It appears that I do have catalog designations for all of my smaller table, though there are some 123 different catalogs referenced in the data...so I'll stick to what seems to be the "most common" catalog where possible (likely the Gliese catalog).



posted on Nov, 2 2013 @ 10:05 AM
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tanka418

JadeStar

When you say proper names do you mean names like "Groombridge 34", "Barnard's Star", Proxima, etc? Or do you mean their catalog (Gliese, Henry-Draper, Hipparcos, SAO, etc) name?

A lot of the nearby stars do not have the former so you'll have to settle on which catalog you want to use.

(Personally I feel every star should have a proper name or at least there should be a harmonization of all catalog names into one uniform catalog but the IAU disagrees
).



Mostly "common/friendly" names, I do seem to have some sort of "Catalog name" table with all the appropriate names, unfortunately, most of those are unrecognizable to most folk, would like the friendly names, and of course will use the 800 or so that I have when possible. And... I guess catalog designation where friendly is there.

It appears that I do have catalog designations for all of my smaller table, though there are some 123 different catalogs referenced in the data...so I'll stick to what seems to be the "most common" catalog where possible (likely the Gliese catalog).



Yes, Gliese and HD are the way to go but HIP (Hipparcos) seems to be a good idea as its mission was precise positions and distances of all the nearby stars.

As for friendly names, my suggestion is to look into alternative names (Arabic, Chinese and Indian Vedic) for some of the stars without English or Greek names if they have them.

Here's a resource for the Vedic names www.astronomy.pomona.edu...

I am not sure on first glance what stars those correspond to. I suspect they will just be ones with English or Greek names already since they are likely the brighter stars but there were a couple that had numerical designations. ie: Aries g 92680 being a star called Ashwini.

And there is the conundrum. The dimmer stars were ones that we either didn't see or couldn't see until the advent of telescopes so they are unlikely to have proper names but rather catalog numbers.

Which is fine. I don't think the catalog numbers mixed in with standard names is going to be too confusing for the nearest stars.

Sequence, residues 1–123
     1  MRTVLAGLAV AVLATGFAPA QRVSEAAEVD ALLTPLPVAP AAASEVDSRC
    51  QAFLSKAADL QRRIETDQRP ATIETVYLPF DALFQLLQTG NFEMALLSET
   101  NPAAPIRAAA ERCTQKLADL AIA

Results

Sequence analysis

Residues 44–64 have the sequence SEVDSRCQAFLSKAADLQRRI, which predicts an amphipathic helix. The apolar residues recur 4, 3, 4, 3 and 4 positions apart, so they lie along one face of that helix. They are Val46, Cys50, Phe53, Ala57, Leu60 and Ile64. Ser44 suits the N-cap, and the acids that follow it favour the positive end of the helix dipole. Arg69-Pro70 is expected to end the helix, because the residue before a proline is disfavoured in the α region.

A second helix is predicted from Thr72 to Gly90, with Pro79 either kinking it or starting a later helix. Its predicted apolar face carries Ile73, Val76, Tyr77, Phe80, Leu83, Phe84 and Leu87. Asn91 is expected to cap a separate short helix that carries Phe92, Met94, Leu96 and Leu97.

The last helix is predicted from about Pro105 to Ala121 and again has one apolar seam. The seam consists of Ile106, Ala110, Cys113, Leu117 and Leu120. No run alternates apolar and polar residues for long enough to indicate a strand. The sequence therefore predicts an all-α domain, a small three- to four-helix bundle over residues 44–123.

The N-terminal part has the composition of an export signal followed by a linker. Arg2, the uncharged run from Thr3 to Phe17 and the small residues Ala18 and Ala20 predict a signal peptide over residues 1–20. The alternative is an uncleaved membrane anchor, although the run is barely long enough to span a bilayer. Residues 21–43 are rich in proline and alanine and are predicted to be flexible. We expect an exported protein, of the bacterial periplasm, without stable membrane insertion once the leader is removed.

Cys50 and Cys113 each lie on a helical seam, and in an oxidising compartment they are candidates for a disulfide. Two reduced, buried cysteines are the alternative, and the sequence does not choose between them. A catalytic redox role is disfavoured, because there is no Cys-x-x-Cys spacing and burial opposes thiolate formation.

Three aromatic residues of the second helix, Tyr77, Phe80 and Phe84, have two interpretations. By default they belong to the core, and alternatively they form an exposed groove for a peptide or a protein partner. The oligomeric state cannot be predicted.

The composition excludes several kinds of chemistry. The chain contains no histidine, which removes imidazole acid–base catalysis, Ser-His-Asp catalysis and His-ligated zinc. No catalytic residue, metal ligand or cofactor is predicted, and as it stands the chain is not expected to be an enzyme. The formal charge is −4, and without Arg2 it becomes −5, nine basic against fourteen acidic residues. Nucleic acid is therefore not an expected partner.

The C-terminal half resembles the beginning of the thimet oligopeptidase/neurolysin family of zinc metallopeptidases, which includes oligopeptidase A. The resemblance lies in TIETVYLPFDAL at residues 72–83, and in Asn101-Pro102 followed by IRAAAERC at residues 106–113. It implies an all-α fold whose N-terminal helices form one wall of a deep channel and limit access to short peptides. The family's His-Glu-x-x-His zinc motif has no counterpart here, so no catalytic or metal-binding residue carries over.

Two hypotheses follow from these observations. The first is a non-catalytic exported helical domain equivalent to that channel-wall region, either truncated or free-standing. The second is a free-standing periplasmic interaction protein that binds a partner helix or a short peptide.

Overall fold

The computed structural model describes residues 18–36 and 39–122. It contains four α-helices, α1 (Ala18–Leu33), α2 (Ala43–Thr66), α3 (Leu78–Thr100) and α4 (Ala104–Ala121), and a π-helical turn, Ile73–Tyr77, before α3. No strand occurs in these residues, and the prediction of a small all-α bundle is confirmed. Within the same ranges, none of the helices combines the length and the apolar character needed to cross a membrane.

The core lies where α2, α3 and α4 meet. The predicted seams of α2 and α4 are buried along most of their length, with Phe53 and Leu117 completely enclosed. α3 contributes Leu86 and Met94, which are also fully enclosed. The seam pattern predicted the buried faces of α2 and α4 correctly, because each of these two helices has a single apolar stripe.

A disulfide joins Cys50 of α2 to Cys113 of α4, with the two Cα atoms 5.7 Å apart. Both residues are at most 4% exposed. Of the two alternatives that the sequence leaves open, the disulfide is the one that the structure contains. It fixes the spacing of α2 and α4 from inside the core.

Here are some links that you may have already checked out:

en.wikipedia.org...
en.wikipedia.org...
en.wikipedia.org...

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posted on Nov, 2 2013 @ 11:11 AM
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The Allen Telescope array has been out of operation since July, with persistent technical troubles. Before that they were mainly looking at stars with known planets, mostly in the Kepler Field. They were also doing some work on an area survey of the denser parts of our galaxy, toward the center.



posted on Nov, 2 2013 @ 11:20 AM
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Ross 54
The Allen Telescope array has been out of operation since July, with persistent technical troubles. Before that they were mainly looking at stars with known planets, mostly in the Kepler Field. They were also doing some work on an area survey of the denser parts of our galaxy, toward the center.


Thanks. I still wish they published their observation lists though. I do have the entire HabCat database (which they use since Jill Tarter put it together) but it would be nice to know which stars from it they routinely target.



posted on Nov, 2 2013 @ 11:43 AM
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i found a list of the ATA Kepler field targets at the SETI Live site. Click on 'targets' icon at top of the page. setilive.org... 394 pages with 12 stars per page= 4728 stars.
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posted on Nov, 2 2013 @ 02:19 PM
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Ross 54
i found a list of the ATA Kepler field targets at the SETI Live site. Click on 'targets' icon at top of the page. setilive.org... 394 pages with 12 stars per page= 4728 stars.
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You rule! Thank you!



posted on Nov, 2 2013 @ 04:26 PM
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We will be discussing this awesome thread on ATS live! tonight.
www.abovetopsecret.com...



posted on Nov, 2 2013 @ 04:29 PM
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reply to post by zazzafrazz
 


Hi, Zazzzyyyy. I wonder if we could get JadeStar to come on the ATS Live show tonight to discuss her research?